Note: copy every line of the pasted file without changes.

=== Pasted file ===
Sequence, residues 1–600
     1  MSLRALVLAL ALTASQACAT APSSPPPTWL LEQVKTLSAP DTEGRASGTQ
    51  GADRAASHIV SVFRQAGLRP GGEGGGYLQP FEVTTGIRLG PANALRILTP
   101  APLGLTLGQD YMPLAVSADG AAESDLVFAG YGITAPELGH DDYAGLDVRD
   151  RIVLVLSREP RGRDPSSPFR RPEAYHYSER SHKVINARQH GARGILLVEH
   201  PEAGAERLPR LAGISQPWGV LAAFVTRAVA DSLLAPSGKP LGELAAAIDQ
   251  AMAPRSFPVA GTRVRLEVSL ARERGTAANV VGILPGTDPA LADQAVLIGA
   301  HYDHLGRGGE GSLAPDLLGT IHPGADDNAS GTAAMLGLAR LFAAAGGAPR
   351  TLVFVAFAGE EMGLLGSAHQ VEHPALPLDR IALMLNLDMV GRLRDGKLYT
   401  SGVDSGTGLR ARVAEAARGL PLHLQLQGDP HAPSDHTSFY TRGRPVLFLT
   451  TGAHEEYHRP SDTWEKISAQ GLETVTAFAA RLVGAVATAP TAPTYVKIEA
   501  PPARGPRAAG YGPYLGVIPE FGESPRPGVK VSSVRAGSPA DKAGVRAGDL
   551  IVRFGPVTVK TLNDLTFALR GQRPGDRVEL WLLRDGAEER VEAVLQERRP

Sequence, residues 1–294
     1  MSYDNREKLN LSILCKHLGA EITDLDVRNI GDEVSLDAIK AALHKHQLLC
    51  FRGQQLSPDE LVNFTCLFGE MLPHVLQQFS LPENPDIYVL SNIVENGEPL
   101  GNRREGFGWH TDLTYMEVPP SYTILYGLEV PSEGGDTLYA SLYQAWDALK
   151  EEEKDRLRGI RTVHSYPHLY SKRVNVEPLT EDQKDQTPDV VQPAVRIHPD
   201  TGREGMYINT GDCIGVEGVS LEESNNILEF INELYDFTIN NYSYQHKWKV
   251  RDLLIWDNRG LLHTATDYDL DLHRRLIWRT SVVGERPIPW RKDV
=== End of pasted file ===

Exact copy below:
Sequence, residues 1–600
     1  MSLRALVLAL ALTASQACAT APSSPPPTWL LEQVKTLSAP DTEGRASGTQ
    51  GADRAASHIV SVFRQAGLRP GGEGGGYLQP FEVTTGIRLG PANALRILTP
   101  APLGLTLGQD YMPLAVSADG AAESDLVFAG YGITAPELGH DDYAGLDVRD
   151  RIVLVLSREP RGRDPSSPFR RPEAYHYSER SHKVINARQH GARGILLVEH
   201  PEAGAERLPR LAGISQPWGV LAAFVTRAVA DSLLAPSGKP LGELAAAIDQ
   251  AMAPRSFPVA GTRVRLEVSL ARERGTAANV VGILPGTDPA LADQAVLIGA
   301  HYDHLGRGGE GSLAPDLLGT IHPGADDNAS GTAAMLGLAR LFAAAGGAPR
   351  TLVFVAFAGE EMGLLGSAHQ VEHPALPLDR IALMLNLDMV GRLRDGKLYT
   401  SGVDSGTGLR ARVAEAARGL PLHLQLQGDP HAPSDHTSFY TRGRPVLFLT
   451  TGAHEEYHRP SDTWEKISAQ GLETVTAFAA RLVGAVATAP TAPTYVKIEA
   501  PPARGPRAAG YGPYLGVIPE FGESPRPGVK VSSVRAGSPA DKAGVRAGDL
   551  IVRFGPVTVK TLNDLTFALR GQRPGDRVEL WLLRDGAEER VEAVLQERRP

Sequence, residues 1–294
     1  MSYDNREKLN LSILCKHLGA EITDLDVRNI GDEVSLDAIK AALHKHQLLC
    51  FRGQQLSPDE LVNFTCLFGE MLPHVLQQFS LPENPDIYVL SNIVENGEPL
   101  GNRREGFGWH TDLTYMEVPP SYTILYGLEV PSEGGDTLYA SLYQAWDALK
   151  EEEKDRLRGI RTVHSYPHLY SKRVNVEPLT EDQKDQTPDV VQPAVRIHPD
   201  TGREGMYINT GDCIGVEGVS LEESNNILEF INELYDFTIN NYSYQHKWKV
   251  RDLLIWDNRG LLHTATDYDL DLHRRLIWRT SVVGERPIPW RKDV